Stephen Nasse is one of the top Super Late Model racers in the nation, a status cemented with his wins in the Short Track U.S. Nationals and the Winchester 400 in 2019. He’s also one of the real-world racers entered in the Rowdy Energy Super Select Series powered by Speed51 on iRacing.
However, that real-world success has not yet translated to performance on the virtual race track. While Nasse has enjoyed competing with a star-studded list of Late Model racers, he has failed to qualify for both the eRattler 250and the Festival of Speed.
The adjustment to the virtual Super Late Models has been a difficult challenge for Nasse, but one he has embraced.
“It’s been tough, for sure,” Nasse said. “I’ve always struggled on sim racing stuff. It’s fun with me and my buddies, but when you get some guys that are really serious into it and spend a lot of hours on the game, it makes it tough to compete with them.
“The game has come a long way, even in the last couple of years since I started playing it. I do really enjoy it. It’s just the competition level, heck, I’d say it’s harder than real racing. You have some kids, or some grown men, they spend a lot of time on the game, and I haven’t been able to do that.”
A common hurdle for real-world racers taking the plunge in sim racing is the lack of “feel” in the virtual car. Many drivers rely on their seat-of-the-pants senses in a race car, which does not translate to a chair at a computer desk.
“I’m the type of person where I can feel it all in my butt,” Nasse said. “I can feel when to get on the gas, when to be on the brakes, when to be off the brakes, when to be rolling. In the game, it’s something you have to see.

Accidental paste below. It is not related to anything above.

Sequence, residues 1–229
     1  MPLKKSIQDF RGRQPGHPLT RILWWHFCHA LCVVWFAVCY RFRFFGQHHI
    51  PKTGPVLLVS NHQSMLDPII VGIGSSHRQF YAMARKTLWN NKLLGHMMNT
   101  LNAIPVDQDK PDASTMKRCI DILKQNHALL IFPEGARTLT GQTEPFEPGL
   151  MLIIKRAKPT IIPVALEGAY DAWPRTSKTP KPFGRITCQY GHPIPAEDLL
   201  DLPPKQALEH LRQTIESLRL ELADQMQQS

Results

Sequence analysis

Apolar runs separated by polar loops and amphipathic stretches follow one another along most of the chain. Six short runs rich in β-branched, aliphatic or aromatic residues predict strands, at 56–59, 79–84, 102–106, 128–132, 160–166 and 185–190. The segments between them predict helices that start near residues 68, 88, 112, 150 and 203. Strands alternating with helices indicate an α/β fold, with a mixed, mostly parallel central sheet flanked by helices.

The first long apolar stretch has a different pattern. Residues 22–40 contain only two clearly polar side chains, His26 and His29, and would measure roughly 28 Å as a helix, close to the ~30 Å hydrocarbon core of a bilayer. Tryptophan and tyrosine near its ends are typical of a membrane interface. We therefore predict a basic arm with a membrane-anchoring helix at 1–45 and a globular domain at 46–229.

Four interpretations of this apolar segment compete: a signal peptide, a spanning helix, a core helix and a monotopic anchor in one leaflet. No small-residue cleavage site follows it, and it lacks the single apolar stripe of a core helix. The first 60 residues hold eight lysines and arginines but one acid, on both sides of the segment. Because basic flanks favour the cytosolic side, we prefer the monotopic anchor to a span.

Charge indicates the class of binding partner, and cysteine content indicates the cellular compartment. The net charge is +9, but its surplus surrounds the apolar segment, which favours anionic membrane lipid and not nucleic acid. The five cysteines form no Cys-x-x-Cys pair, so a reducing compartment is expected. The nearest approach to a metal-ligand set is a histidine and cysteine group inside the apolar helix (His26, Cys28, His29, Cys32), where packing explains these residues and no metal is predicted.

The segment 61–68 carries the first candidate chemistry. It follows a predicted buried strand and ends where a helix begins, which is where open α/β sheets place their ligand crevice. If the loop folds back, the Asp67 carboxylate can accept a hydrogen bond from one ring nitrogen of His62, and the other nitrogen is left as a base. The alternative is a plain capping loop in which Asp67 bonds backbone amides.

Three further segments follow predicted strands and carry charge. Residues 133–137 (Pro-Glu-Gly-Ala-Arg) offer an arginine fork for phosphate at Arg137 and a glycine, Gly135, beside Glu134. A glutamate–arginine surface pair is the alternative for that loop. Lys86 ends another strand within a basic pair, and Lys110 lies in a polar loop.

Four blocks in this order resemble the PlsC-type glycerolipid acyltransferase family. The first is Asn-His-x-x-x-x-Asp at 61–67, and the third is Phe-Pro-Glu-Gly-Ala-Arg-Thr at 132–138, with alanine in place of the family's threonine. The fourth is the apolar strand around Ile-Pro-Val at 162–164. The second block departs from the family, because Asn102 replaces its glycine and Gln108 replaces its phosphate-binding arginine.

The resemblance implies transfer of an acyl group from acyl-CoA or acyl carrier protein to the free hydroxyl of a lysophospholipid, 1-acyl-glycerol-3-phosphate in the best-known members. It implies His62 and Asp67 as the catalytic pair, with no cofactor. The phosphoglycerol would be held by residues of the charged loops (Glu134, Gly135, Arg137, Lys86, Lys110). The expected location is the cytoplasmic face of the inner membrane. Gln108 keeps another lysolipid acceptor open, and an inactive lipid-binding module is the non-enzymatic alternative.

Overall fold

“You can’t really feel it unless you have a full simulator, and some really good people don’t even have that. Like Ty [Majeski] runs on a little old setup pretty similar to mine. You don’t need that, but it’s whether or not you’re comfortable with that.”
Still, Nasse spoke highly of iRacing, even noting that the people involved with the service were helpful in getting him set up to go racing.
“I think the game is awesome. Everyone at iRacing has been a help to me, getting started back up and everything. It’s just not something I did a lot growing up.”
Getting more involved in iRacing has also provided a nice release from the real world for Nasse. He is staying busy with his family’s construction business during the coronavirus pandemic.
“I’ve been knocking out these jobs. It’s honestly helped a little bit, with the virus going around and racing shutting down. Not having to travel on Thursday to make it to a Friday race has made it easier on the company. Me and my guys can stay together and work well that way.
“Right now we’re catching up on jobs that had stacked up. I am a little worried because all of the offices to get permits and all that are closed, so I think we’re filling out what we already had planned to do.”
While the daytime hours are packed with work to be done, evenings have allowed him to cut loose and race with friends on the virtual racetrack.
“Right now, I’ve been so busy It’s unreal. It’s been nice, with iRacing at the end of the day, to relax and cut loose with that. We have fun, just racing each other.”
Still, Nasse is a real-world racer at heart, and hopes to climb back into his Super Late Model this weekend for a testing session.
“I believe I’m testing this Sunday at Showtime Speedway. Just to get some laps in the race car. I don’t think it’ll help us much in the season, because we don’t go to tracks like Showtime. As far as me getting back in the seat and knocking the rust off, I think it is much needed so I’m looking forward to it.”
Fans can watch Nasse compete in the Rowdy Energy Super Select Series powered by Speed51 Saturday night at 7:30 p.m. ET.
Click here to visit “Rowdy Central” for a full schedule, as well as links to the results and broadcasts.
-Story by: Zach Evans, Speed51 Content Supervisor – Twitter: @ztevans